• Kia broke ground on an expanded UK distribution centre, which will have room for an additional 8,000 vehicles when completed — great for dealing with any post-Brexit inventory troubles. (Kia)

Nissan (includes Mitsubishi) (history)

  • Denied reports that internal mid-term Nissan targets for Chinese market sales were downgraded by 8%. (Reuters)

PSA (includes Opel/Vauxhall) (history) s

  • Board member Robert Peugeot said that the integration of Opel and Vauxhall had gone much better than expected and that the Peugeot family’s investment vehicle would support further M&A if opportunities arose — maybe even by investing further capital. He also appeared to explicitly acknowledge FCA and JLR as takeover targets. (Les Echos)
  • Unions agreed terms for the transfer of 2,000 Opel R&D employees to Segula. Through the deal, Opel will be able to resume voluntary layoffs at Rüsselsheim. (PSA)

Renault (history)

  • New chairman Senard said that decision making speed in the Renault-Nissan-Mitsubishi’s alliance needed to improve, whilst boosting autonomy for executives at each company. He also said no one was working on changing the alliance’s shareholding structure. (Reuters)


  • Toyota and Suzuki announced a series of actions to share vehicles and components to one another. Toyota will supply European-built cars to Suzuki, and make Suzuki-designed engines. Suzuki will sell Toyota several India-built models that will be re-badged for African markets while Toyota will make Vitaras in India. (Toyota)

Tata (includes JLR) (history)

  • JLR won a Chinese court battle to stop JMC’s Landwind brand producing the X7, a vehicle mightily similar in size, form and detailing to the Evoque. (The Guardian)

Tesla (history)

  • Removed the bottom end Model S, further separating the car from Model 3. (Business Insider) The mid-range Model 3 has also been abandoned. (Green Car Reports)
  • Launched a new referral program with substantially lower value rewards. (Tesla)
  • The SEC said that CEO Musk had not sought approval for a single tweet made since his agreement to do so in return for being let off more serious penalties following his “funding secured” debacle. (Reuters)
  • Filed lawsuits against ex-employees working at Zoox and XPENG, alleging they stole Tesla’s know-how. (The Verge)
  • CEO Musk declared deliveries to be the primary responsibility of all employees for the remainder of Q1. (Reuters)
  • Revised the maintenance policy to replace annual checks with a looser “as required” scheme. (Tesla). As of 25th March, Tesla had not made the change in all markets (see UK example)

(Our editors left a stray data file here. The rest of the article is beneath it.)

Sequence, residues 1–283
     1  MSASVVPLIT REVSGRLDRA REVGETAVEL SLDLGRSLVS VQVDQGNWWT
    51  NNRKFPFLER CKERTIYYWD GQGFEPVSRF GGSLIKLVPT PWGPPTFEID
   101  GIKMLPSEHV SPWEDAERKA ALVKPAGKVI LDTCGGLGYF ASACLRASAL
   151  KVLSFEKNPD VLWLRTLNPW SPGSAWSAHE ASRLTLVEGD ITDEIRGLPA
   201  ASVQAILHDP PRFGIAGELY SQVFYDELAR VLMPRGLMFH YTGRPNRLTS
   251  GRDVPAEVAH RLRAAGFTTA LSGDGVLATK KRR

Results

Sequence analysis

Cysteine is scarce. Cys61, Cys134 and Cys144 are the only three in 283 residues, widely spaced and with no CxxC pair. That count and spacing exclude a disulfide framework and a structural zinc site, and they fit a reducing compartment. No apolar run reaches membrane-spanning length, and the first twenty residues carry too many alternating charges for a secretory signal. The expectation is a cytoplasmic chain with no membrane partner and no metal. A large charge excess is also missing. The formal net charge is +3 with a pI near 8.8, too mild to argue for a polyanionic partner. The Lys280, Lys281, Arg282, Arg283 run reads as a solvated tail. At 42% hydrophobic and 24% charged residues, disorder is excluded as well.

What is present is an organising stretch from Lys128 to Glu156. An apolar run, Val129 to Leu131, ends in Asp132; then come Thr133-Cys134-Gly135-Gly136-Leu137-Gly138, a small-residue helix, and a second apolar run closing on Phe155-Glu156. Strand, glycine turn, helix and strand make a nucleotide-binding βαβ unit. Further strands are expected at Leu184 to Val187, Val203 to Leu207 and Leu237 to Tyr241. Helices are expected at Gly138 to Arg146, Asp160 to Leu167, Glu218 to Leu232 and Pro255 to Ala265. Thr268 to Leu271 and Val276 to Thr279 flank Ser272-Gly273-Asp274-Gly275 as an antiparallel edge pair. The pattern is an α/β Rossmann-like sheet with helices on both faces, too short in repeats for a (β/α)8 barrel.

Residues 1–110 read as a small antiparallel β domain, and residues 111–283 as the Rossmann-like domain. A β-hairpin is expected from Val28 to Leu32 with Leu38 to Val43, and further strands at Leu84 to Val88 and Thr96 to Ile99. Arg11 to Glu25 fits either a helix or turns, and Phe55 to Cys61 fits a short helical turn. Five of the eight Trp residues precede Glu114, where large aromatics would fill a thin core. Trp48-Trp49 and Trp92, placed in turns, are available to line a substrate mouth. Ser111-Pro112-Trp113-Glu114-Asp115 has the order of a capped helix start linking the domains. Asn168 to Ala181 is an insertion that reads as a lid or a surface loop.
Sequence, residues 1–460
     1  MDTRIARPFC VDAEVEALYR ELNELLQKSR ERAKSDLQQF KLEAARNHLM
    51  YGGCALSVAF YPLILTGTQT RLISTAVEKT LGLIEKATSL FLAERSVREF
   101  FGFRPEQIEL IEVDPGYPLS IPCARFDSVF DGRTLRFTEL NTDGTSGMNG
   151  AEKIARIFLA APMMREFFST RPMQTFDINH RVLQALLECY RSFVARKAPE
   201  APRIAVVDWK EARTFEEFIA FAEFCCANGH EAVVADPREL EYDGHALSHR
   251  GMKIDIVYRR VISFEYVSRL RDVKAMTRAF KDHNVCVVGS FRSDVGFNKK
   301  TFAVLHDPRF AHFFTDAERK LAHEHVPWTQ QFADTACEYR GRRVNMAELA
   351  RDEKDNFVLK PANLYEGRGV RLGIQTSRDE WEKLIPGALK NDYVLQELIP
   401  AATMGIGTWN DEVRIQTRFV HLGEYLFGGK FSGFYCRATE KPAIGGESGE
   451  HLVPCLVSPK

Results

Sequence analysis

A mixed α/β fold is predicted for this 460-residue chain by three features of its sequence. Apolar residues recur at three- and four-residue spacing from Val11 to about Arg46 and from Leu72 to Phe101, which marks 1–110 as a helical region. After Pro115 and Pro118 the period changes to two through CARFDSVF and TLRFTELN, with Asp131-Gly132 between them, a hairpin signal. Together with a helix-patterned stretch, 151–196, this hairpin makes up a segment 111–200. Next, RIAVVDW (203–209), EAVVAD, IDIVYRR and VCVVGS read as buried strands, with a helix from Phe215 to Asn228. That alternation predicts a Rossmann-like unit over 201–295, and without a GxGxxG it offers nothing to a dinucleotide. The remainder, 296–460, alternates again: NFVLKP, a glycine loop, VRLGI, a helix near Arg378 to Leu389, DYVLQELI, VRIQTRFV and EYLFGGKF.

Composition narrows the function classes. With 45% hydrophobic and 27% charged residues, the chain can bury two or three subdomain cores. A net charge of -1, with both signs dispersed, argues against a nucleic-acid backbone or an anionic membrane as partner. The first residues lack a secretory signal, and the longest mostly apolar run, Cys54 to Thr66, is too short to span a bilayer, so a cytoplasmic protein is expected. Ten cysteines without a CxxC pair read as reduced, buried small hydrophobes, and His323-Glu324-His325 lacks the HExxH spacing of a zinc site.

Toyota (history)

  • Will replace the GT86, once again partnering with Subaru. (Autocar)
  • Toyota and Suzuki announced a series of actions to share vehicles and components to one another. Toyota will supply European-built cars to Suzuki, and make Suzuki-designed engines. Suzuki will sell Toyota several India-built models that will be re-badged for African markets while Toyota will make Vitaras in India. (Toyota)
    • Significance: Since the RAV4 isn’t currently built in Europe (apart from Russia), the announcement could be a clue about the future of the former Toyota-PSA JV plant.

VW Group (history)

  • Porsche’s CEO floated the idea of using subscriptions for limited edition cars to prevent speculation. (Autocar)
    • Significance: Since the increase in value stems in part from the limited supply, if controlling pricing is the only objective, Porsche could always just make more…?
  • Bugatti is rumoured to be planning a new all-electric saloon, potentially to be called Royale, that would be based on Porsche Taycan underpinnings. (CAR)
  • VW Bank wants to save €850 million per year by 2025 and plans to cut around 800 of the 7,000 staff by 2025 to help achieve it. (Handelsblatt)
  • Škoda’s CEO confirmed two MEB-based electric cars to launch by 2022, with a low-cost model planned to come after that. (Autocar) Despite resistance from German unions, he continues to plan for a new Eastern European production site to expand capacity. (Autocar)
  • Forming a new company called MOS, to sell connected car services in China in partnership with FAW. (VW)
  • VW internal analysis reportedly shows that producing battery cells in Germany would increase costs by 20% compared to other options. (Handelsblatt)
  • Porsche will end the night shift at the Leipzig plant after the summer shutdown, but says only temporary workers will be affected. (Manager Magazin)
  • Porsche launched an (expensive looking) set of new dealer standards. (Porsche)
  • After a ship carrying four limited edition Porsche 911 GT2 RSs sank, Porsche will restart production of the cars to ensure their owners weren’t thwarted by acts of God. (The Drive)
  • Škoda said that pay increases at 2018 levels would not be affordable in 2019. (Reuters)
  • The Porsche / Piëch family investment vehicle raised its voting stake in VW Group from 52.2% to 53.1%. (Reuters)
  • Porsche unveiled a “coupe” version of the Cayenne. (Porsche)
  • Comments by Porsche executives about the next generation Cayenne indicate that it could be the brand’s first mixed powertrain vehicle, with both internal combustion engine and battery electric derivatives. (Autocar)
  • VW launched a battery consortium with Northvolt. (VW)
  • Although VW continues to look for a new Eastern European factory, it won’t be in Ukraine. (Kyiv Post)